Drake's Scorpion review
Drake's Scorpion: Is it any good? Our track-by-track breakdown
Words— Marc Richardson
Few artists today command the attention that Drake does. Actually, none do. Love him or hate him, you are undoubtedly aware that he has recently released an album, Scorpion. Maybe you want to know about his supposed secret child (spoiler alert, it’s not a secret anymore); maybe you really like Drake; maybe you hate Drake, and have no intention of listening to it, but streaming services, like Spotify and Apple Music, have been hawking the album as if they’re going out of business so you’re still aware of its existence and maybe you did listen to that one track that’s kind of catchy — hey no judgment! Regardless of how, why, or where one listened to Scorpion, it contributed to making it the most streamed album of all-time. It had already qualified for platinum certification before releasing and will end up breaking a billion streams.
But, the adage is that quality trumps quantity, so the question remains: is Drake’s latest album, Scorpion, any good? We did the dirty work and here’s our unofficially official track-by-track rundown and review of the album.
Survival: Drake’s forte has always been intro tracks —see Tuscan Leather— and that holds true with this joint. “My Mount Rushmore is me with four different expressions” is a great line and it's hard to disagree when the man is breaking records that he, himself, holds…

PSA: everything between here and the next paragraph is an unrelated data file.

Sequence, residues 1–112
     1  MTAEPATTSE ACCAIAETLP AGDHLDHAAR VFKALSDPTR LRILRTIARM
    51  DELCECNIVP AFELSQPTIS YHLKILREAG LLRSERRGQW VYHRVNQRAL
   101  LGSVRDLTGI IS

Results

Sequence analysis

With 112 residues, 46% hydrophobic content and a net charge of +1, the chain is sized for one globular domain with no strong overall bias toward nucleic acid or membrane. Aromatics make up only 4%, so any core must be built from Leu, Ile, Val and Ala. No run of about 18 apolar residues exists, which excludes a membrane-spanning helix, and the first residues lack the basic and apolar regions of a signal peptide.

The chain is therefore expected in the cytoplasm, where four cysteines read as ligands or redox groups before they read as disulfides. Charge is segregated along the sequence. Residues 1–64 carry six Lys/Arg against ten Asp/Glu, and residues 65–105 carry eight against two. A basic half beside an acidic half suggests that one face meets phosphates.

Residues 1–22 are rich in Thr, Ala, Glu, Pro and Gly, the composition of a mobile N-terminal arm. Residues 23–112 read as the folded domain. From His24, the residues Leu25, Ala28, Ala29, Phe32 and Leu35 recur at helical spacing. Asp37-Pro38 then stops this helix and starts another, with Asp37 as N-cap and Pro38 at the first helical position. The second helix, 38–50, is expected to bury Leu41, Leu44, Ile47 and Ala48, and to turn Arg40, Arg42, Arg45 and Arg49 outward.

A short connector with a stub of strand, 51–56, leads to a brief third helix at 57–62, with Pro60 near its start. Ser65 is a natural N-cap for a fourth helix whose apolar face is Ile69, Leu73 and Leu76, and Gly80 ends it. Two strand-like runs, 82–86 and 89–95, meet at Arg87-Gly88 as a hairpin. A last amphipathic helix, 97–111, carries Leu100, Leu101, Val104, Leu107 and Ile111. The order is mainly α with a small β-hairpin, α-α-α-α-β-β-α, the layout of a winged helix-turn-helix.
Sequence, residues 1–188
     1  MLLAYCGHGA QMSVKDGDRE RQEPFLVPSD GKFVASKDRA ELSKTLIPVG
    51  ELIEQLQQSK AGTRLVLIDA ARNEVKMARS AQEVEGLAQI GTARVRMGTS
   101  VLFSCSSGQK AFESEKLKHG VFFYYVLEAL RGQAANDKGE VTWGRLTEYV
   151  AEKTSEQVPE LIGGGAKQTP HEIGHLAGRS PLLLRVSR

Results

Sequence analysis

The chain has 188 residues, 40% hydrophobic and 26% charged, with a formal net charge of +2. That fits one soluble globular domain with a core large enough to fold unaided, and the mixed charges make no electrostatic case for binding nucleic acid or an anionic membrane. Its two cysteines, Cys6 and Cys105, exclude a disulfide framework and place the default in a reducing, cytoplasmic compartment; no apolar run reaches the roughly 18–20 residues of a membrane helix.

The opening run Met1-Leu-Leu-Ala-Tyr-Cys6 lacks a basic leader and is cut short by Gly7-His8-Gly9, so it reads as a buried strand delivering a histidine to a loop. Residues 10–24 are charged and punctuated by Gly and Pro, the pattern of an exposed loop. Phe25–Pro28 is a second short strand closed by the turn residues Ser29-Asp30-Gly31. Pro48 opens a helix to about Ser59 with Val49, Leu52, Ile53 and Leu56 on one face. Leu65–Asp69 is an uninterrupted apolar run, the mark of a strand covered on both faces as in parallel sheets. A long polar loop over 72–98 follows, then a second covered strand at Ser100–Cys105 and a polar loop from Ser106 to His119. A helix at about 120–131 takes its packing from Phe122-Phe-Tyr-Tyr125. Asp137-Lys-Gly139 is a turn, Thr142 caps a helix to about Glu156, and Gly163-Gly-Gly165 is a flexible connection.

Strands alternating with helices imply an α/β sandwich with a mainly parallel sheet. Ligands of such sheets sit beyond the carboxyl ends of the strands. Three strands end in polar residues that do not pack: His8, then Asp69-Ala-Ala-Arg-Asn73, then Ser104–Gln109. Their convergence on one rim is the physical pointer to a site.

Nonstop: If the beat —provided by Memphis producer Tay Keith— went just a little bit harder, this would be a summer anthem with chant-able lyrics like “This a Rollie, not a stopwatch, shit don’t ever stop”.
Elevate: This is quintessential Drake, ebbing and flowing from braggadocios to introspective.
Emotionless: And, the big reveal everybody was waiting for comes only four tracks in, with Drake rapping “I wasn’t hiding my from the world, I was hiding the world from my kid”. But, the truly great bar is “I know a girl happily married ’til she puts down her phone”, which is absolutely scathing.
God’s Plan: I haven’t been able to put my finger on what makes everybody love this track so much, but then I find myself screaming the lyrics whenever I hear it playing, regardless of the setting I’m in.
So, I heard Drake's son's name is Adonis Mahbed Graham. And when he said "I only love Mahbed and my Mama, I'm sorry". He was talking about his son.— Me (@ogbodoisaac) July 2, 2018
Why do I feel scammed? 😥 pic.twitter.com/Vu4Ik8J4Af
I’m Upset: Let’s be honest — this song will forever be best when listened to with the nostalgic music video.
8 Out of 10: This is one of my favourite tracks on the album for a few reasons: it stands in stark contrast to the Drizzy we’re used to; it sounds like vintage Jay-Z; it’s chock full of lyrics like “the only deadbeats is the beats I rap to” and “your sister is pressing play, your trainer is pressing play, your wifey…”
Can’t Take a Joke: The end of a part of the album where Drake sounds scornful and angry. It’s not the best song on the album, but it might be one of those songs that age better than others.